Method Of Case Study Solving Proportions

Finding the missing value in a proportion is much like finding the missing value for two equal fractions. There are three main methods for determining whether two fractions (or ratios) are equivalent.

  • Vertical
  • Horizontal
  • Diagonal (often called "cross-products")

 

Method 1: Vertical

Are these two ratios equivalent?

Since the numerator and denominator are related (by multiplying or dividing by 2), we know these two ratios are equivalent.

Method 2: Horizontal

Are these two ratios equivalent?

Since the numerators are related (by multiplying or dividing by 3) to each other and the denominators are related to each other, we know these two ratios are equivalent.

Method 3: Cross-products

Are these two ratios equivalent?

Since the cross-products are equal to each other, the two ratios are equivalent.

All three methods work for every problem, but often one method is easier to use than the others. Always watch for the easiest method to use!

 


Example 1

The following two ratios are equivalent. Find the missing value.

Answer: Let's use the vertical method on this. Since 3 x 4 = 12, then 5 x 4 = 20. So the missing value is 20.


Example 2

The following two ratios are equivalent. Find the missing value.

Answer: We will use the horizontal method on this one. Since 5 x 2 = 10, then 4 x 2 = 8. So, the missing value is 8.


Example 3

The following two ratios are equivalent. Find the missing value.

Answer: In this problem it is easiest to look at the cross-products.


 

Directions:

  1. Look at the proportion on the right.
  2. Solve it. (You may use the calculator below.)
  3. Then enter your answer and press the "Enter" or "Return" key on your keyboard.
  4. Press the "New problem" button to get a new problem. (Duh.)

 

This free script provided by
JavaScript Kit

 

 


 

Self-Check


Q1: Find the missing value. $\,\,\,\frac{9}{12}=\frac{12}{m}\,\,\,$[show answer]

$m=16$


Q2: Find the missing value. $\,\,\,\frac{18}{12}=\frac{k}{4}\,\,\,$[show answer]

$k=6$


Q3: Find the missing value. $\,\,\,\frac{a}{24}=\frac{5}{20}\,\,\,$[show answer]

$a=6$


 

 

 

 

    What is a Proportion?

    There are a few different ways to define a proportion.  One way to describe a proportion is that it's an equation with two equal ratios.  In other words, a proportion is when you have two fractions with an equals sign in the middle.  Some proportions just have two fractions set equal to each other. Proportions can also have variables in one or both of the fractions.  This lesson will show you how to solve for a variable that's in a proportion.


    How do you Solve a Proportion?

    There's more than one way to solve a proportion.  One way is to cross-multiply.  There's a property you can use called the Means Extremes Property. It says that the cross products of a proportion will be equal.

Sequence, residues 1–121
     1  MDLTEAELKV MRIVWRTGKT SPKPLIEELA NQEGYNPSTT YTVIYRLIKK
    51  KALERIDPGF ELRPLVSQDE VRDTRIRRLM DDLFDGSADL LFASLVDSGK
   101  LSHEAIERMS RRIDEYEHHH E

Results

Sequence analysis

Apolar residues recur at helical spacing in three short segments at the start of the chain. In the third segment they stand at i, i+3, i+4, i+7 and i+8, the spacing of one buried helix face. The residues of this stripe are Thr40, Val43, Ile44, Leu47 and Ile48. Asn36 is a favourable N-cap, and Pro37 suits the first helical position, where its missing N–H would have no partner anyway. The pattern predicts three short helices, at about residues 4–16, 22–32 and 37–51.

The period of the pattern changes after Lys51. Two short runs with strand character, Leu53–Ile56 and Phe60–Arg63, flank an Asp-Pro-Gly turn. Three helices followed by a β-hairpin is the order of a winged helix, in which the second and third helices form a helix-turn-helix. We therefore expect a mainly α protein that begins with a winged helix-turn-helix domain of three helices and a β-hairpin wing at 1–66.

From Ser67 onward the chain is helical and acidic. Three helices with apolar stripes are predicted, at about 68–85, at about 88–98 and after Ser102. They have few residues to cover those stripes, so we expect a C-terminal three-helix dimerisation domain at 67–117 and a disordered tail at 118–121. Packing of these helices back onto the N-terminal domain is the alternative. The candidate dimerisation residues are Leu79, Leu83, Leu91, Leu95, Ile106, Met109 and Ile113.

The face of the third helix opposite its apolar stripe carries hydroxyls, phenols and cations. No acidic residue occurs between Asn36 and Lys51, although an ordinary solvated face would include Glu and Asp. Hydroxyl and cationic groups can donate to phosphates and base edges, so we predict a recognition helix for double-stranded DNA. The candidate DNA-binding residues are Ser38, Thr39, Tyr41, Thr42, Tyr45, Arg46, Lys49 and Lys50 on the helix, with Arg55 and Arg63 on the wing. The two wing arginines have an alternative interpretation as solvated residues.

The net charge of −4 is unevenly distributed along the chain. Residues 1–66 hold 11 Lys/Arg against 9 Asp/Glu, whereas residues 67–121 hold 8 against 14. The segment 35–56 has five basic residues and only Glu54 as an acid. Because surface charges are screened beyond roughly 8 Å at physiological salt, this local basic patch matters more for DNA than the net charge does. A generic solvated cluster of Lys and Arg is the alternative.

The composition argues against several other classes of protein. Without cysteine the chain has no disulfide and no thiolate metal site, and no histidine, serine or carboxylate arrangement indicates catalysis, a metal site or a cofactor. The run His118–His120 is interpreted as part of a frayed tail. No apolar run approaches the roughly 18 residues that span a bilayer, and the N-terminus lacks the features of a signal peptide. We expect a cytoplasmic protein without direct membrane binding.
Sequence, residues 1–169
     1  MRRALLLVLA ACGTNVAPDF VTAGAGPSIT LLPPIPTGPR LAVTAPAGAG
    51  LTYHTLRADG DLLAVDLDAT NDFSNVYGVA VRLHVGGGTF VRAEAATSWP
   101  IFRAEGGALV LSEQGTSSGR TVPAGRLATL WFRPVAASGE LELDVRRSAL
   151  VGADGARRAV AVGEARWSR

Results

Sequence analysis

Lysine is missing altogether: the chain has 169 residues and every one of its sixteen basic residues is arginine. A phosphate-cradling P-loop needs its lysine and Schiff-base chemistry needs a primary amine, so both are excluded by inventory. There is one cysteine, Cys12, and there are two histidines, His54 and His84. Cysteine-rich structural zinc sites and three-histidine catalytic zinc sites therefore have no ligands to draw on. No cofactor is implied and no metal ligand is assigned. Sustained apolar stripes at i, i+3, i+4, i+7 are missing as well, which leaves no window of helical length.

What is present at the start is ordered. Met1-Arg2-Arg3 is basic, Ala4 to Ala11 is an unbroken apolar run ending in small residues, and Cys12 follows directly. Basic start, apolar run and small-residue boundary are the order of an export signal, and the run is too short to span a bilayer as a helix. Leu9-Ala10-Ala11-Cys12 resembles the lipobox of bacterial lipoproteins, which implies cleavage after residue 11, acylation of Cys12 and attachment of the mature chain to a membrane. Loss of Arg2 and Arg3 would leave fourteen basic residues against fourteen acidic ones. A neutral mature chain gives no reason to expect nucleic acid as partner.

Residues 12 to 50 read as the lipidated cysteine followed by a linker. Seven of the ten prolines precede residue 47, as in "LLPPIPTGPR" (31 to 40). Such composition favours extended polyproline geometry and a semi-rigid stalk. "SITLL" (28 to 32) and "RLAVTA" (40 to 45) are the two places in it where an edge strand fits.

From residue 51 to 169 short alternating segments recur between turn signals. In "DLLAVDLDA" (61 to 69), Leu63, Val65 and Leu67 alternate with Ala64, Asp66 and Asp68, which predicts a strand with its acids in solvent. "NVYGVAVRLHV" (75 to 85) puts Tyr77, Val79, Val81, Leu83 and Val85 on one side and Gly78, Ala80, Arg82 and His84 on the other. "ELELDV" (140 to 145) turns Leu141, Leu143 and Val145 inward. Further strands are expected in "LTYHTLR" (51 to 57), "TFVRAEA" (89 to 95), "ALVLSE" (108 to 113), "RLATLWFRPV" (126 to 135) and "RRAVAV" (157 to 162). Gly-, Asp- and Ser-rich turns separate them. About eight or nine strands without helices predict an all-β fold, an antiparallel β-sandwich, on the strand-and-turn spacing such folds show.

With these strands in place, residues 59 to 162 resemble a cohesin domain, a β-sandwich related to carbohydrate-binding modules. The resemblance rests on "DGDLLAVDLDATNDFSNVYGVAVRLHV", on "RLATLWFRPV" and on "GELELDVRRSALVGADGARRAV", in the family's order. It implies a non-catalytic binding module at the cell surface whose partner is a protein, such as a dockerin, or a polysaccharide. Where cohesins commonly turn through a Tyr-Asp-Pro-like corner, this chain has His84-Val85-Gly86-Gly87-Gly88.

Why is this called the Means Extremes Property? The proportion can also be written with colons as a:b = c:d. The extremes are the terms that are furthest apart on the outside: the a and the d.  The means are the terms on the inside: the b and c.  This property says the product of the means is equal to the product of the extremes: ad = bc.

    If you have a variable in your proportion, you can cross-multiply and get an equation that is much easier to solve.  Open the next tab to see some examples.

    Example 1


    There's more than one way to solve this proportion. To solve it by cross-multiplying, you multiply diagonally and set the two cross-products equal to each other.  Multiply the x and the 3 together and set it equal to what you get when you multiply the 2 and the 9 together.

    A common mistake that students make when they cross-multiply is that they forget about the equals sign and write the two parts as a new fraction.  Make sure to always put the equals sign in between the two cross-products.  If you're solving an equation and your equals sign has disappeared, you have a problem!

    Example 2


    First, cross-multiply.  Be extra careful when you simplify each side.  Make sure to distribute the 5 and the 3.

    Example 3


    In this example, you end up multiplying x by itself when you cross-multiply.  x times another x is x-squared.  You can undo squaring the x by taking the square root of both sides.

    Be extra careful if you end up with an x-squared term when you cross-multiply.  This is a quadratic equation and quadratics often have 2 solutions.  In this case, we're looking for a number that equals 36 when we square it.  We can take the square root of both sides, but we need to remember that a calculator will only give the positive solution.  6 squared equals 36, but -6 times -6 also equals a positive 36. You can find similar equations in the lesson on completing the square if you have more questions on this step.

    Example 4


    ​In this problem, you have to multiply x + 3 by x + 9 when you cross-multiply.  When you multiply two binomials by each other (x + 3 and x + 9 are called binomials because they have 2 terms), you need to distribute twice - this is often called the FOIL method.  Make sure to check out the lesson on multiplying binomials if you need help with this step.

    When we cross-multiplied, we ended up with a quadratic equation (it has an x-squared term).  There are several different ways to solve quadratic equations.  You can complete the square, use the Quadratic Formula, or solve by factoring.  It's usually fastest to try and factor if you can, so we recommend always trying to factor first.  In this case, the quadratic we have on the left side can be factored.  Once you have it factored, set each factor equal to 0 and solve.
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